Genotoxicity Testing of API

  • L. L. CusterEmail author
  • M. W. Powley


Fortunately the frequency of mutagenic drug candidates recognized in early drug development is very low because positive Ames bacterial mutagenicity test results usually have severe ramifications with APIs dropped from further development. While negative results in the appropriate follow-up tests (e.g., mouse carcinogenicity studies) could enable progression of API development, pragmatically the cost and long duration required for these tests means that most pharmaceutical companies drop mutagenic APIs from development and quickly move on to another drug candidate.

Positive in vitro mammalian genotoxicity tests are far more frequently encountered but most times do not prevent further development of an API. When positive in vitro mammalian genotoxicity test results are obtained, follow-up studies in complementary in vitro or in vivo assays are quickly conducted to understand the biological relevance of the initial positive response. In the majority of cases the additional testing allows the sponsor to demonstrate lack of biological relevance or establish a safety threshold (generally ≥10×) based on exposures in animals at the no observed genotoxic effect level (NOGEL) relative to highest clinical exposure. For all these reasons, follow-up testing in response to an in vitro mammalian cell positive test is generally pursued and often results in continued development of the API.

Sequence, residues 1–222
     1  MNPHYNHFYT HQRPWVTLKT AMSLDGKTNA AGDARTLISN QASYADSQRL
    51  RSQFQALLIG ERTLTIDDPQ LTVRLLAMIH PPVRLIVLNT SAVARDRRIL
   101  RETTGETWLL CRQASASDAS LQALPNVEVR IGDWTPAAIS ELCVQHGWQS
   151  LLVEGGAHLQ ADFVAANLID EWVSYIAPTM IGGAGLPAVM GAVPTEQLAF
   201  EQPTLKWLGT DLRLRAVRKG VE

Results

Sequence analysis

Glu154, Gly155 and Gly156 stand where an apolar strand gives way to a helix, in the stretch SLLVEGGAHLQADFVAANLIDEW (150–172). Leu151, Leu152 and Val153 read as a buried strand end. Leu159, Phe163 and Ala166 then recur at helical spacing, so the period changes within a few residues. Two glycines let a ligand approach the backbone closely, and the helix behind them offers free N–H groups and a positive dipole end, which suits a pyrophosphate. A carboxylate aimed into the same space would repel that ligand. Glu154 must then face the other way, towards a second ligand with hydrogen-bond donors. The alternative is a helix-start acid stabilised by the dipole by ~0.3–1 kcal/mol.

This chapter focuses on genotoxicity testing strategies and includes case studies where follow-up studies were used to effectively de-risk positive in vitro genotoxicity test results. The regulatory guidelines (e.g., ICH S2(R1)) dictating which tests are required and which follow-up tests are acceptable are also presented. Because the regulatory guidelines list acceptable follow-up tests with little to no guidance on how to select them, this chapter provides recommendations on how to design the most appropriate follow-up testing strategy.


Genotoxicity Ames bacterial mutagenicity test DNA damage Clastogenicity ICH S2(R1) No-observed genotoxic effect level (NOGEL) 


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Copyright information

© Springer International Publishing Switzerland 2015

Authors and Affiliations

  1. 1.Drug Safety EvaluationBristol-Myers SquibbNew BrunswickUSA
  2. 2.U.S. Food and Drug AdministrationCenter for Drug Evaluation and ResearchSilver SpringUSA

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